When trying to figure out why ssh-agent forwarding wasn't working from Windows to an Ubuntu 22 server, I saw that build V126.96.36.199p1-Beta of Microsoft's OpenSSH port included U2F/Fido2 hardware authenticators.
There's a few ways to install this, I'll use winget (should already be available in Windows 10/11).
From a regular powershell prompt:
This will automatically restart the Microsoft ssh-agent using the new version in C:\Program Files\OpenSSH:
Creating a SSH Key
I'll create a key using my YubiKey 4 and put it into the .ssh\yubikey4 file. I'll set the ssh key comment to "yubikey 4" as a reminder to myself which hardware this key goes with. Be sure to use the newer OpenSSH in
C:\Program Files\OpenSSH rather than the older system one in
This pops up some dialog boxes:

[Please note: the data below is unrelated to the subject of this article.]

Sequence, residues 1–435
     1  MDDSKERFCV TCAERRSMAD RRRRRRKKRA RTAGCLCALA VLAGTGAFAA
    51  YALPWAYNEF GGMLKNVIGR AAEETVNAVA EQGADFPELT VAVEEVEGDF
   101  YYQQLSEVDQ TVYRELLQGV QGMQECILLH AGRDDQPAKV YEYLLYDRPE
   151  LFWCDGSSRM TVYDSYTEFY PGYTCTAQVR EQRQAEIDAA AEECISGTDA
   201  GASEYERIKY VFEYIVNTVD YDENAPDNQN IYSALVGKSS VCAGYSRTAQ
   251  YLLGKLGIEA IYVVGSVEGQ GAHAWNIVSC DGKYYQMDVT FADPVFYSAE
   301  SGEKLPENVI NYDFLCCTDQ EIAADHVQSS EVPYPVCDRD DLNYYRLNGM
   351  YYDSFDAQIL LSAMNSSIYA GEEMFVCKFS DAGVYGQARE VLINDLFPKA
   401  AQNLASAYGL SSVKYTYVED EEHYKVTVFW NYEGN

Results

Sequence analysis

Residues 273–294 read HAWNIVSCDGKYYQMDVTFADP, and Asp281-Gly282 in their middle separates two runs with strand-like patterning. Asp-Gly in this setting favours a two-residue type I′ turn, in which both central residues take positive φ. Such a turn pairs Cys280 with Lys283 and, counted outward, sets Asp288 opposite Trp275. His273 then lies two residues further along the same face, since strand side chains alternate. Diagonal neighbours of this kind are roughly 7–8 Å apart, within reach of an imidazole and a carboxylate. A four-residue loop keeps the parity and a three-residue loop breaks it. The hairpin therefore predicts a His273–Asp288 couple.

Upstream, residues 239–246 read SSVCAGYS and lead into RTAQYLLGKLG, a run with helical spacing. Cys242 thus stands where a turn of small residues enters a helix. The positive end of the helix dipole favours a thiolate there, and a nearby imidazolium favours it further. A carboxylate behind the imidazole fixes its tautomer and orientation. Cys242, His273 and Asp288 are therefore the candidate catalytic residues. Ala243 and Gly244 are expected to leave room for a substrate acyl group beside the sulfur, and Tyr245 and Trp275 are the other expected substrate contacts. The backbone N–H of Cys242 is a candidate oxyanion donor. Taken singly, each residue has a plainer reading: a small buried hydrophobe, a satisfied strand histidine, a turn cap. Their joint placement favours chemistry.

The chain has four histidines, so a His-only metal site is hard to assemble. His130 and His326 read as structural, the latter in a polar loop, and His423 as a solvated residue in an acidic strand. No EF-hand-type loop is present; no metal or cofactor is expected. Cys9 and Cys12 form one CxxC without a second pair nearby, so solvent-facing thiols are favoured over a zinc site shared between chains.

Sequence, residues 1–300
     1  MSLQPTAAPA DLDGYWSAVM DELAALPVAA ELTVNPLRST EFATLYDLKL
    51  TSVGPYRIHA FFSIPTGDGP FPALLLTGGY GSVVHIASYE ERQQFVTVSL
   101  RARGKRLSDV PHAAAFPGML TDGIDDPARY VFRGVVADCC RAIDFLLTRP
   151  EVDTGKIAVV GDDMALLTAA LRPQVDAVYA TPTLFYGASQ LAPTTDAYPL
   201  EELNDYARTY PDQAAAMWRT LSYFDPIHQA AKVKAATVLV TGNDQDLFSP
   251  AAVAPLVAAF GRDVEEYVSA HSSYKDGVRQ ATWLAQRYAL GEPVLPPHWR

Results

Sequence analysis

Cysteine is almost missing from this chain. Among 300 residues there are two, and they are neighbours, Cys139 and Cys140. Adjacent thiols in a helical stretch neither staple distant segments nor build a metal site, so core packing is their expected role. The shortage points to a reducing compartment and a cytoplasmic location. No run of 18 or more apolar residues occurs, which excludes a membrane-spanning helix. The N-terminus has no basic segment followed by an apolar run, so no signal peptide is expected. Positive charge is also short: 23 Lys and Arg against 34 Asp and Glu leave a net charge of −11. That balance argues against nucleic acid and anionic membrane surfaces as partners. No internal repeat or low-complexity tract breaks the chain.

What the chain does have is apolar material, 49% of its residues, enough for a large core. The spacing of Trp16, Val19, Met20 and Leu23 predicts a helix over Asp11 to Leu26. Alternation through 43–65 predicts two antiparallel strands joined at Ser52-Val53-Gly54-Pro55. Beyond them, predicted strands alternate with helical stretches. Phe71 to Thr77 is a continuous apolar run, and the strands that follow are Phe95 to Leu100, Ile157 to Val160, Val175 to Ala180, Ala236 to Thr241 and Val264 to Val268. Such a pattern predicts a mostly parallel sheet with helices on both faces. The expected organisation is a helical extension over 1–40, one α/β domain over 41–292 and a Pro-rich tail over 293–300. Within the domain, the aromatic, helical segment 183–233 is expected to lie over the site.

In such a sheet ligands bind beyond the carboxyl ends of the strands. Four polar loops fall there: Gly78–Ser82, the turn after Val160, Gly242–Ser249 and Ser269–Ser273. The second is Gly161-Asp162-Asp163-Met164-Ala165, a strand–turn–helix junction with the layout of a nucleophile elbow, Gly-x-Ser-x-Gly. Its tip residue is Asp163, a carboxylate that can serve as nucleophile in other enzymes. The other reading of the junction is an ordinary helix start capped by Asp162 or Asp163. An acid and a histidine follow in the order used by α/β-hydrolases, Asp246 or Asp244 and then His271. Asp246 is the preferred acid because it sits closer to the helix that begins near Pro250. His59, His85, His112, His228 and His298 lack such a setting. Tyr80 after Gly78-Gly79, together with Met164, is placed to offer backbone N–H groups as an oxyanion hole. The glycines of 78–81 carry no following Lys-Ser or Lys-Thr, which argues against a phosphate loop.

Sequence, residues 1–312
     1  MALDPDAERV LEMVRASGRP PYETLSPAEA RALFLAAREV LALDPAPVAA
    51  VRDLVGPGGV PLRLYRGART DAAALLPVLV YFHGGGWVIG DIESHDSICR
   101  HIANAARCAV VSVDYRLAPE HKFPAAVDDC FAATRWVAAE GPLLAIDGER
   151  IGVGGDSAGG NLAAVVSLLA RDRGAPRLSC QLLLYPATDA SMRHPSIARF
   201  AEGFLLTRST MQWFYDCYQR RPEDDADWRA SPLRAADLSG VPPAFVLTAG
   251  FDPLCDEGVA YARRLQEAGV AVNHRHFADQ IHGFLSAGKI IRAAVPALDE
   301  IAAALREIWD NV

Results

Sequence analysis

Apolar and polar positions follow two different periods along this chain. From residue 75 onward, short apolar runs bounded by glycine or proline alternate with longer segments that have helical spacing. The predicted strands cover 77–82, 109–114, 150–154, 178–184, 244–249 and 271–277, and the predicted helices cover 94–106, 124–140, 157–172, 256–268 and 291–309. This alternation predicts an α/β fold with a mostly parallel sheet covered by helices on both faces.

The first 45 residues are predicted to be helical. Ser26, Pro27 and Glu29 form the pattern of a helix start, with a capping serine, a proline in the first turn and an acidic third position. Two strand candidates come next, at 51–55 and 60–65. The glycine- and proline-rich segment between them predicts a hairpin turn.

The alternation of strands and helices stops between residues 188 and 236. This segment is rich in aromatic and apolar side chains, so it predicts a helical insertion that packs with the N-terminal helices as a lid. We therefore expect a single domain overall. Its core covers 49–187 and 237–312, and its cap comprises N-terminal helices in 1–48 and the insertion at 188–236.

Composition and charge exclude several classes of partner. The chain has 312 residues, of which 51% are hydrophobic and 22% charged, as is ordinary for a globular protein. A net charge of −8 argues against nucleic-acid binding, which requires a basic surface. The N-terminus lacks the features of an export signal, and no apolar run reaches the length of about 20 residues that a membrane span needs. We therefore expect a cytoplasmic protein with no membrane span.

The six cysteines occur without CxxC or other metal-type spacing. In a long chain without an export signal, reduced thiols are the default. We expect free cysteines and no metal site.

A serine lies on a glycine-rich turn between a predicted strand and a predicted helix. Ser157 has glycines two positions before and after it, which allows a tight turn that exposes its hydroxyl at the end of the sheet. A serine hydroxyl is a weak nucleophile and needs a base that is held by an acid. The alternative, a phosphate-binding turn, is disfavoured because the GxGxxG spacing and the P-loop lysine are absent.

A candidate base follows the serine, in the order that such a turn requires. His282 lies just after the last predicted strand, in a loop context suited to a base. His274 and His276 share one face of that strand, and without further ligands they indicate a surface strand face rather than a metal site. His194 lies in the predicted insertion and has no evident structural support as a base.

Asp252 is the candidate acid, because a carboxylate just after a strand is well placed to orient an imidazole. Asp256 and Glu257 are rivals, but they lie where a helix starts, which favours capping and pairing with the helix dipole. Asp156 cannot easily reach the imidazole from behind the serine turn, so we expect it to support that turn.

The ssh key itself is stored on the yubikey, the "private key" file just contains some related metadata (See the PROTOCOL.u2f file at the bottom of this page for details). You need both the hardware key and the file data in order to use this. You can make multiple ssh keys with the same hardware key, each will be unique.
Trying to generate a new ssh key using WSL2 fails because it tries to talk directly to the hardware (which is not available in the WSL2 VM):
But listing the key works:
As well as using it to login:
ssh pops up a confirmation dialog when I use this key:
This needs OpenSSH 8.2 or higher on both the client and the server, so it doesn't work for Rocky Linux 7 (OpenSSH 7.4p1) or 8 (OpenSSH 8.0p1).
Trying to add the U2F/Fido2 key from WSL2 ssh-add or from KeePassXC fails. Windows OpenSSH has their own SSH agent code in order to integrate with the Windows systems. I opened a bug report with the details and then a PR to fix this issue, which is now merged and should hopefully be in the next release.